I also have loose embellies in drawers at home, like say Felt Diecuts from Fancy Pants. I will include those one-off, theme specific embellies in kits. Sometimes I include flowers but you have to be careful to not throw a whole package of flowers into the page kit–they won't be available for you to use on other projects until you take them out of the kit and most likely you won't use them all when you make the page. That means you'll be taking extra stuff with you to the crop. Add only 3-5 of these items to your kit–if you find you need more, add it when you get home.
If you are the kind of person who needs flowers on every page, then add an assortment of flowers to your basic kit, kind of like how I do my cardstock (described below). Cut stickers apart if you are only using one from that sheet –don't put the whole sheet in the kit.
Cardstock — I use one 12×12 bag to take an assortment of 12×12 cardstock basics with me to crops. Usually a few sheets each of black, white, kraft, and brown cardstock since I use those colors for most of my pages as a base. I also include some 12×12 Grid Patterned Paper since I use that alot. Cardstock scraps get included in my kits for use as mats but I try to not include 12×12 sheets of cardstock — it makes the page kits really heavy and I always end up with way too much paper leftover after using the kit. Then you have to take that paper home and put it away. Include 12×12 cardstock only if you plan to build your page on the cardstock.
Patterned Paper — At least two different patterns for each page unless I know I am only using one sheet for that page. This page below was created with just one sheet of patterned paper and the length of ribbon that is on the page–the rest of the items came from my Dot Boxes and Fabric Embellie Bag. I added the sticker titles at home.
Photos — I kind of went over this above–if you include them in the kit, then you might forget about the pics or decide at the crop that you don't like those pics paired with that kit. I store mine separately but if you really want to get alot done, add the pics to the page kits. That extra limitation will help you get more done if you are one who spends alot of time pondering which pics to use and so on.
Alpha Stickers, Diecuts, Titles – I used to take a diecut machine with me to crops but I found that it was not worth it to bring that extra machine or extra stack of alpha stickers to a crop. I have sheets of tiny alpha stickers in my fabric embellie bag that I can use for journaling or I can use someone else's diecut machine at the crop. I have been waiting until I get home to do titles and that seems to work really well for me.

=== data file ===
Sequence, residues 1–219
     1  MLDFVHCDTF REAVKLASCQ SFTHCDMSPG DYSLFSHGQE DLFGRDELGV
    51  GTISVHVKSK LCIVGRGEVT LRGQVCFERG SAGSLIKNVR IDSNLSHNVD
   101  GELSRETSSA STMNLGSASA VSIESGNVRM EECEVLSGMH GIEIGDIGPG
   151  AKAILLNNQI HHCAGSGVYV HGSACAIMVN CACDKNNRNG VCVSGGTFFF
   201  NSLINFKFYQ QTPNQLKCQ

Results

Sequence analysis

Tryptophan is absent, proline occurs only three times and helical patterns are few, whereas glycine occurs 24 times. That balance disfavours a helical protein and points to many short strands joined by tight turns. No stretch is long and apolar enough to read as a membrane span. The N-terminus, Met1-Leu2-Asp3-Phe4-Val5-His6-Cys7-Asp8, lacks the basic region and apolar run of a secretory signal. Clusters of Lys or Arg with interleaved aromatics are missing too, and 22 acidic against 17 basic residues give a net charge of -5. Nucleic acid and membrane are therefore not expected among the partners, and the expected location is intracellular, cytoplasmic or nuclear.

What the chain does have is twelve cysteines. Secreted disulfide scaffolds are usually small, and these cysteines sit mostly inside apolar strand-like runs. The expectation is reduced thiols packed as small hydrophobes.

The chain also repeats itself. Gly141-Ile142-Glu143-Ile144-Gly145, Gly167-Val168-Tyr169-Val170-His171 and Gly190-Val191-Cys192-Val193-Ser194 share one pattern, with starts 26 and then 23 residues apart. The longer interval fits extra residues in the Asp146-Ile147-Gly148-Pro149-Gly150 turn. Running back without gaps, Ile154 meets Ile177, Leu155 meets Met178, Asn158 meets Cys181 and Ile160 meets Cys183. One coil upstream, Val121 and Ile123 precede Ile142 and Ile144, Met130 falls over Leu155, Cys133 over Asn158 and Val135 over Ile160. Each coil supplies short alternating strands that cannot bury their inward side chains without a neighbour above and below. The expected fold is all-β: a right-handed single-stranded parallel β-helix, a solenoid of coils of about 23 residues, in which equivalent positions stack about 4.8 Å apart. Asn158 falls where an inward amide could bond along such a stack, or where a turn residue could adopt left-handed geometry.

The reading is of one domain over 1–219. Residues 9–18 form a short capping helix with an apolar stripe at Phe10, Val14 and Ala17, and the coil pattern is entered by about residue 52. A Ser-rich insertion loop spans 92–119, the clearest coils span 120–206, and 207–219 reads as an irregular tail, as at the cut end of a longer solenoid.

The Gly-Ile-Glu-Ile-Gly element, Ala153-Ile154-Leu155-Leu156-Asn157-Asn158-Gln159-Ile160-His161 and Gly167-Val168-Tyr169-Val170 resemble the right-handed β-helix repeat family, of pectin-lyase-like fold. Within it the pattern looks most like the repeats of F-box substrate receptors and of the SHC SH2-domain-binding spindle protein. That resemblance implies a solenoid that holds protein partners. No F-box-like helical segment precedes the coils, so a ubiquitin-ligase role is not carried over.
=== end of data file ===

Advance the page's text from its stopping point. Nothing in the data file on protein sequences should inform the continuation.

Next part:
If you MUST take stickers, choose black and white alphas because they go with everything or can be easily altered with paint, ink, or glitter if you HAVE to have a title right now. You might even consider pre-planning your titles — cut them on your diecut machine at home before the crop and include them in the kit.
Ribbon – Sometimes I put small pieces of ribbon in page kits but for the most part, I usually leave the ribbon at home. Make notes on post its and add them to the pages you want ribbon on–add the ribbon when you add the titles.
Punches, Tools — save these for home. You can pre-punch a bunch of shapes and take a small baggie with you to pull from but lugging around a giant bag of punches will just wear you out and give you too many choices to make at the crop. Most likely someone else at the crop has a border punch or whatever that you can borrow. You can even coordinate with your friends so one person brings a butterfly, someone else brings a scalloped circle, etc.
If you know you use that Martha Stewart Loopy Punch on every layout and can't live without it, then take that one punch but don't take more than 2 tools like that. And don't put them in your page kit because then they won't be available for you to use on other projects until you pull that one kit out.
Page Kit Tips
Take post -it notes with you–add them to pages that you did not finish with notes about what you still need to do, i.e. add a bow under the main photo or add the date or add the title “Knott's Berry Farm”.
Pay attention to what you like to scrap with — if you love ribbon, include ribbon in all your kits. If you love flowers, include flowers. If you never use flowers, don't force yourself to by putting them in a kit–you will be un-inspired at the crop when you have a kit full of stuff you don't like.
Focus on Certain Colors. When packing for a crop, pull page kits that have a common main color — say you pull kits that have red, orange, or blue. Then just take the embellies and cardstock to match–no need to take purple buttons if you don't have anything purple to scrap.
Don't put stuff in the kit that you use all the time, like tools.
Make Kits Right Away. As soon as you buy paper, especially if it is themed, put it in a page kit with all the goodies to match. You're more likely to use it this way, especially if it is a collection of paper, than if you separate it all and incorporate it into your stash.
And these pages were made with a kit with about 6 sheets of patterned paper and one sheet of stickers:
I added the bling, extra stickers, and titles at home. As soon as I bought that line of paper and the matching “Dad” stickers I put them in a page kit.
Make 1 kit for every 1-3 pages you want to complete. I get about 2 pages from each kit I make, more from some, depending on how much paper I put in the kit. If you want to make 100 pages this year, try putting together about 20 page kits using your stash to start off with. Use those to create pages and when you get down to about 5 kits left, make some more kits to add to your kit box.
Over the course of 5 months (kept putting the kit back into my tub) I made all of these pages from one kit that had the paper, one sheet of stickers, and one pack of brads that coordinated (plus I added stuff from my Dot Boxes along the way):